“I think music has a huge power of suggestion, and when you mix it with words you can develop some kind of language people can understand. You don't have to intellectualise, it's very physical ... it takes us to some kind of unknown territories, emotionally.”

So, are they aiming for the heart rather than the head?

“You could say so. But it's like I said earlier, you know, about what's behind the words - a little bit of thinking is fine, but the first motivation is something more raw.”

After the turn of the millennium, Franz and the band wandered away from the industrial sound that the Young Gods were best known for, and ventured into the territories of ambient electronica. This was less of a radical change of direction than a shifting of focus onto a different aspect of their art, but until now the fans of their harder edged material have had to be content with 'XXV', the 'Best Of' album released in 2005. The release of 'Super Ready/Fragmente' sees them returning to their home turf, armed with new maps and esoteric wisdom unearthed on their journeys, and once again making the cutting edge of heavy music their rightful domain.

The sound of the band on stage is explosive in its own right – layers of distortion, sampled snippets of guitar collaged into a landscape of tone that you almost feel you could climb inside, like some vast machine or factory. The new album is a return to what many consider to be the 'classic' sound of the Young Gods – have they made a deliberate return to the aesthetics of the album 'TV Sky' ?

“Sure - we've probably assimilated a lot of what we've done in the past five, six years with the more electronic sounds .... a lot of the guitar textures are morphed with, you know, insect sounds or something, so we include the approach from that period ... but we wanted to have a heavier sound again.”

With a career more than two decades long, this continual reinvention plays a part in keeping the band interested in their own work.

“Yeah, basically ... we enjoy what we do because sometimes we start a different approach, like now we're doing some acoustic stuff to challenge ourselves ... when something becomes a cliché, we kind of need to have a different approach, to learn something ... that's why we put the guitars aside on 'Second Nature'(2003 album-Ed), and that's why we need them back now - we missed them!”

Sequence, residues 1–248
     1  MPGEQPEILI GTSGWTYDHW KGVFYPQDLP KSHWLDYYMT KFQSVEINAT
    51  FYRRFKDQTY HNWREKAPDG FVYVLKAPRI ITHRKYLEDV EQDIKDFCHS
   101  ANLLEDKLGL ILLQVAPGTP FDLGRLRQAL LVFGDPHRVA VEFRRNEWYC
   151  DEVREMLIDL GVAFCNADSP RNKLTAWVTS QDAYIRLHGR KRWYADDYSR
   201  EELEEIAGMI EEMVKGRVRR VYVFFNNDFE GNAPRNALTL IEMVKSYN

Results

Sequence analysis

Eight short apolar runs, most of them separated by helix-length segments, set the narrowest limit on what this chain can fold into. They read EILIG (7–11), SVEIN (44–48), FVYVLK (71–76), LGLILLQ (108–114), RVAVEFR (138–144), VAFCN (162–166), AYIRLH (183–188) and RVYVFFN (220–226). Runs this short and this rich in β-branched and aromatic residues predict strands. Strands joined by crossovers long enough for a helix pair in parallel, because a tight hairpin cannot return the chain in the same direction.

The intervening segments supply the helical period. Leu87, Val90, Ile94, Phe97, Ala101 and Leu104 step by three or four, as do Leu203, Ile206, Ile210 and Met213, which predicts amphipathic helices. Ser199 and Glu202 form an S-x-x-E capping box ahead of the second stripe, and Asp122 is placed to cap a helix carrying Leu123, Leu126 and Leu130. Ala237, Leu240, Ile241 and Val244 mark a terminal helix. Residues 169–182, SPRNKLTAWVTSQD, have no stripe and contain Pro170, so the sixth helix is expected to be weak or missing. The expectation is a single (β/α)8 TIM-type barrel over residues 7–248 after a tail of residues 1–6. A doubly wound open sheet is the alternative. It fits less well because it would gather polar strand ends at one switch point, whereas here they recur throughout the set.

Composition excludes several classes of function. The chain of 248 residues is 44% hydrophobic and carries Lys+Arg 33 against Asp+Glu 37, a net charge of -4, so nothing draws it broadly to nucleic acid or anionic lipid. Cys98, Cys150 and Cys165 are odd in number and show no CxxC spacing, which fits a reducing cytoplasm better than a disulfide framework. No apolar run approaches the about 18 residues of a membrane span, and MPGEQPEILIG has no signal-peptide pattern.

It seems the audience missed them too – the reception for the heavier tunes is nothing short of rapturous. The Young Gods tend to be classified as 'industrial', but their approach differs from that of a great many bands of that genre – most notably in the way they use tiny pieces of guitar sound, rather than whole bars or riffs.

“Well, I like riff-orientated music, and a lot of the Young Gods' bigger hits are riff-orientated anyway ... but I think I'm a little bit bored of the looping technique, whether in techno or industrial or whatever ... the whole concept of writing music by moving blocks around, one after the other - it's just not that interesting any more. It's not that I'm trying to stay away from that, I just think ... you know, riffs are something very powerful, but our goal is not to try to be the most massive sounding band in the world, because that's not very interesting either. It's easy nowadays to stack layers of sound in the studio and just punch somebody in the face, make them think 'Wow, this is so powerful!'”

Maybe sounding massive isn't one of their goals, but the intensity of sound produced by the sampler on stage puts any number of self-proclaimed huge-guitar-sound acts to shame. These songs do not rely on the simple linear structures of rock and pop music, but draw on wider influences from electronica to classical. Where does one start, building sonic architecture like this?

“Most of the time it comes from sounds. I have a lot of little pieces of words, of stuff I've written down during the day, titles ... some of it becomes relevant to the atmosphere of the sounds ... but most of the time it's just the sounds, or the beats.”